Cheese Steals the Show at Pa. Game Dinner
The charity dinner at Bar Marco featured nine of Pittsburgh's best chefs serving up the best of Pennsylvania's countryside.
GAME DINNER PHOTOS BY HAL B. KLEIN
Following up on a few things I was excited about last week:
Visiting chef Adam Leonti (above) of Vetri in Philadelphia crushed the three courses he made for the Pennsylvania Game Dinner at Bar Marco on Sunday. A beautiful olive-oil drizzle on his early-winter salad of bitter greens, citrus and black walnut was a visceral demonstration of how high-quality ingredients can elevate a straightforward dish into something simply spectacular. Many guests (count me among them) thought that the roasted pheasant and amaretti-cookie ravioli was the star course of the evening. Leonti’s venison was the seventh and final savory course, and although the deer was superb, what I can’t stop thinking about is the Testun al Foglie di Castagno. It’s a semisoft, chestnut-leaf-wrapped cow- and sheep’s-milk cheese from the Piedmont region of Italy. The cheese is a concentrated wave of roasted nuts, funk, sweetness and umami. A friend, noticing that a neighbor wasn’t eating his Testun, dared to ask, “Sorry to bother you, but can I have the rest of your cheese if you’re not going to finish it?” Poor fella missed out while we demolished his leftovers.
Chefs at work plating venison.
The Pennsylvania Game Dinner was more than simply an exercise in gluttonous consumption of wild animals (though it was that). The event was a fundraiser for the Food Revolution Pittsburgh Cooking Club; a total of $9,500 was raised from seats sold, donations and a wine auction. Students from the cooking club were hired to work as servers for the evening.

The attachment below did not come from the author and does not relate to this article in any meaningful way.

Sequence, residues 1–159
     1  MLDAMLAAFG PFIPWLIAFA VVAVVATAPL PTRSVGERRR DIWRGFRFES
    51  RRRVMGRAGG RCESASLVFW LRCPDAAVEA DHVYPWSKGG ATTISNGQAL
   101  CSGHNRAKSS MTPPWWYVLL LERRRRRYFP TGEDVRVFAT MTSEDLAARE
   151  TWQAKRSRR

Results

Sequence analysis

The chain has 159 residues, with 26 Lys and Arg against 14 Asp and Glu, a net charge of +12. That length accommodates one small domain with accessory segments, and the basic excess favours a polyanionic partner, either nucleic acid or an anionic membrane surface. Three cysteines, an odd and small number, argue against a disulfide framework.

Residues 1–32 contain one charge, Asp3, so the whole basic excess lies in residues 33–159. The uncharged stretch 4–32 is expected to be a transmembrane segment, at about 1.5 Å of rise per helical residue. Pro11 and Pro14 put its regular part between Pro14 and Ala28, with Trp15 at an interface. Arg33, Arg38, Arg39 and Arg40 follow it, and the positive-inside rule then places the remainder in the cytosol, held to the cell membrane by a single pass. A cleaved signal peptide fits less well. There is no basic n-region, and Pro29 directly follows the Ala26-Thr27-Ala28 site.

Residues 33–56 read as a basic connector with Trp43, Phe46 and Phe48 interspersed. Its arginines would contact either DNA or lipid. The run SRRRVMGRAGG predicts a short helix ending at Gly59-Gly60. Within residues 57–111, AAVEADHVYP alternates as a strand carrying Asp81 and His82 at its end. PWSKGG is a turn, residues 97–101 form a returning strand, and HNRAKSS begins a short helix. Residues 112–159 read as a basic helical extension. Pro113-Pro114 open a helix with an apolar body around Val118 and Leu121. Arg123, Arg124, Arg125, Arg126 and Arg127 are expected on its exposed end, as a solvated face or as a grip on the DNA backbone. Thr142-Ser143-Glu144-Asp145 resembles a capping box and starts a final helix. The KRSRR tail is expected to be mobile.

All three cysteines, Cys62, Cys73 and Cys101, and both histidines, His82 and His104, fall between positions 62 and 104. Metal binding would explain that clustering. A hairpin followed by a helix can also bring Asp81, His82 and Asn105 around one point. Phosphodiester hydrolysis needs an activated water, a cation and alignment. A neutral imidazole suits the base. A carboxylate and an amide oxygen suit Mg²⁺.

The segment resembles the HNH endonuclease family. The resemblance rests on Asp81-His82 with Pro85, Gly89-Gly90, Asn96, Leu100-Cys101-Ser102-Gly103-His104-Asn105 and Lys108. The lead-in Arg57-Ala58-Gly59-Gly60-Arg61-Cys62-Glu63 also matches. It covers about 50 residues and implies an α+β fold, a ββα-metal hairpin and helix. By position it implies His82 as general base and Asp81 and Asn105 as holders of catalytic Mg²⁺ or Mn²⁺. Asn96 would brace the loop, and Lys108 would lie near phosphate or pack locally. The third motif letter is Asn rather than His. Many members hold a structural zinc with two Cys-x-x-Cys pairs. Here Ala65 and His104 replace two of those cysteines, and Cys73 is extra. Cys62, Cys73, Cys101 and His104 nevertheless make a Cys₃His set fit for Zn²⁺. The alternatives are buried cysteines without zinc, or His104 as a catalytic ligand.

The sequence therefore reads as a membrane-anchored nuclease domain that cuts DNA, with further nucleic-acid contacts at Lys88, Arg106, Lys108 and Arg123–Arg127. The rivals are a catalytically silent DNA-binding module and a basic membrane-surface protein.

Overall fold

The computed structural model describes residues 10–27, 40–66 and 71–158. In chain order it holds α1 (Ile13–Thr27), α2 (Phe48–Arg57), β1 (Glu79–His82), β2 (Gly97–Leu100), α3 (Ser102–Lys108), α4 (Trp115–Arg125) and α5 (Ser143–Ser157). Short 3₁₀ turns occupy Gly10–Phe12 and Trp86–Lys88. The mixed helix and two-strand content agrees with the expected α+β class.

Bar Marco chef/co-owner Justin Steel prepping Laurel Highlands trout.
“They’re spending hours exposed to people who are successful because they work hard every day. Whether they become chefs or entrepreneurs or artists or health care professionals, we want them to see that when you work hard at what you do, it’s worth it,” says FRPCC Director Alaina Webber.
Chefs Justin Steel and Justin Severino plating venison.
“When you learn a trade, learn a skill, you can build from that,” says Peter Kurzweg, co-owner of the Independent Brewing Company, which will take on an expanded role in FRPCC management. He said that he’s looking to expand the club beyond Obama Academy in the next year, and one way to do that is through a food truck (funds raised from the dinner will go to the purchase of the truck). “A food truck is a mobile classroom,” he says.
PHOTO COURTESY WIGLE WHISKEY
In other news, cocktails beat beer, as Butterjoint’s Will Groves and his Wigle cocktails bested Scott Smith’s East End Brewing Co. in the fourth-annual Cocktails v. Beer dinner. The vote was close, two rounds to cocktails and two rounds to beer, but the popular vote went 81-76 to cocktails. For me, the real standout of the night was Legume chef/owner Trevett Hooper’s borscht, which he soured with pickle brine rather than vinegar.
Things I’m excited about this week:
PICCOLO FORNO PHOTO BY CHUCK BEARD
Foccacina Ripiena at Piccolo Forno: Stuff par-cooked pizza dough with prosciutto cotto and mozzarella, brush it with olive oil and return it to the oven until it’s golden brown. It’s the pizzeria version of a quesadilla or perhaps the inspiration for the world’s finest Hot Pocket. Eating this makes me feel like I’m a kid having an after-school snack. (Related: Piccolo Forno chef Galen Blyth is hosting an “Italian-Influenced Sausage Tasting” No Menu Monday at Bar Marco on Dec. 1.)
Maggie’s Farm Rum’s pear eau de vie: The Strip District distillers just won a silver medal for their Queen’s Share rum at the 2014 New York International Spirits Competition, and now the distillery is set to release a very limited special-edition spirit. This Saturday at 11 a.m., pressed and distilled Walker Farms pear juice goes on sale in very limited quantities (250 bottles, $26 each). Consider heading to the Strip early for this terrific edition to your holiday bar.